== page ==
3 Ways Your HOA or Condo Association Can Fund Capital Improvements
Sooner or later, every homeowners association (HOA) or condominium association has to invest in capital improvements. Whether that means installing a new heating and cooling system in your high-rise building, replacing the roof on your clubhouse or upgrading the equipment in your fitness center, you can’t overlook these long-term, big-ticket items. But what’s the best way for your association to pay for them?
That depends on how urgently you need to do the work and whether it is something you had planned to do. Based on these factors, you have three options for funding your capital projects.
1. Rely on your HOA’s or condo association’s reserve fund.
Having the money to pay for these types of projects is the purpose of having a reserve fund. In Minnesota, the Common Interest Ownership Act only defines a vague requirement to maintain “adequate reserve funds to cover the replacement of those parts of the common interest community which the association is obligated to replace.”
“Best practice is to have at least 10% of your association’s income transferred to your reserve fund,” says David Jandak, vice president of finance at FirstService Residential. “The Federal Housing Authority requires it if you want to be an FHA-qualified building,” meaning that prospective buyers can use FHA-backed mortgages to purchase their home.
In reality, more than 70 percent of associations have under-funded reserves. As a result, most don’t have enough money when they need to undertake necessary work. “The most common reason for this is a lack of information,” Jandak notes. “Many associations aren’t getting updated reserve studies. Their studies can be as much as 10 years old. How can you make good decisions if you don’t have the information you need?”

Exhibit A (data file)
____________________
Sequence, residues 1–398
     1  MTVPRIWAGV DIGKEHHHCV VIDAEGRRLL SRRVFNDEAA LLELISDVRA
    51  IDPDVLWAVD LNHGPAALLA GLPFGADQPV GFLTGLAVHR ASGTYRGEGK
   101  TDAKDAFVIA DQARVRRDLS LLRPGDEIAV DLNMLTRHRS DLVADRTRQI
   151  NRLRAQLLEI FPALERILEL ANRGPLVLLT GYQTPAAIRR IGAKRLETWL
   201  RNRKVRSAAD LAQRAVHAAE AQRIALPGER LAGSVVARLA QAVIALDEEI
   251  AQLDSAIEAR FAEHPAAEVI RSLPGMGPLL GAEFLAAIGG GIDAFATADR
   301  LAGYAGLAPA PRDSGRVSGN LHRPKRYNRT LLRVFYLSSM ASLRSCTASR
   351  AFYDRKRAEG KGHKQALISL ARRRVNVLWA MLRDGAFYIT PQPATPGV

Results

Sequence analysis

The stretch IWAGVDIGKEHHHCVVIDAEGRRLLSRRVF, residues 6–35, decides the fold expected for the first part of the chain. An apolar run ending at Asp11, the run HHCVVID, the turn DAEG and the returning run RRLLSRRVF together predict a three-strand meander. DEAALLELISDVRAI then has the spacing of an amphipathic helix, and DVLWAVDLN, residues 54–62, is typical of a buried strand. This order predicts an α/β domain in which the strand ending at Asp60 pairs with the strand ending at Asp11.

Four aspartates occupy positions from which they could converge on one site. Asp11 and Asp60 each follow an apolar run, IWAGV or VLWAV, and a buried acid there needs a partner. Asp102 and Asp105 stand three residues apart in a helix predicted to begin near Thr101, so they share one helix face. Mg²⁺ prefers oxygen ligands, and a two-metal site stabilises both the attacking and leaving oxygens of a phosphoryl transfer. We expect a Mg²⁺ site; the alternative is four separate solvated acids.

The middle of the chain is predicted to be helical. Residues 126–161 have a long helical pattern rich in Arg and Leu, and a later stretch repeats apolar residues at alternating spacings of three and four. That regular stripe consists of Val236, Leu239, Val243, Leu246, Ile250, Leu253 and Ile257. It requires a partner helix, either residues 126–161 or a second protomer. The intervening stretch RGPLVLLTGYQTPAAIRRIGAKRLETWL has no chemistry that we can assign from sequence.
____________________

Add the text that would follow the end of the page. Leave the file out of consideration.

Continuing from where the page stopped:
A reserve study identifies predictable capital improvement projects and recommends a plan for funding those projects over a number of years. Appropriate funding of your reserves depends on the accuracy of your study. According to Brian Butler, FirstService Residential’s vice president of property management, “We guide boards to have reserve studies updated every 3 to 5 years by a qualified vendor who comes onsite and does a physical inspection of your equipment.” Butler says that some companies only do superficial inspections, or “drive-bys,” which aren’t sufficient for an accurate study.
Even if you do fund your reserves based on a well-conducted study, Butler points out that unexpected projects can arise. “For example, regulatory requirements for things like elevators and fire systems sometimes change,” he says. “There is no way you could foresee that and have the reserves for it.”
2. Levy a special assessment.
If you don’t have enough in your reserve fund for your capital improvement project, you’ll need to find additional financing sources. This often means levying a one-time special assessment to cover the shortfall. Homeowners rarely welcome a special assessment. For one thing, they may see it as an investment that benefits future homeowners more than them. An unexpected payment can also create a significant financial hardship for many residents. You can reduce this burden by offering the option to make monthly payments rather than pay a lump sum. Keep in mind, though, that this could delay your ability to start the project.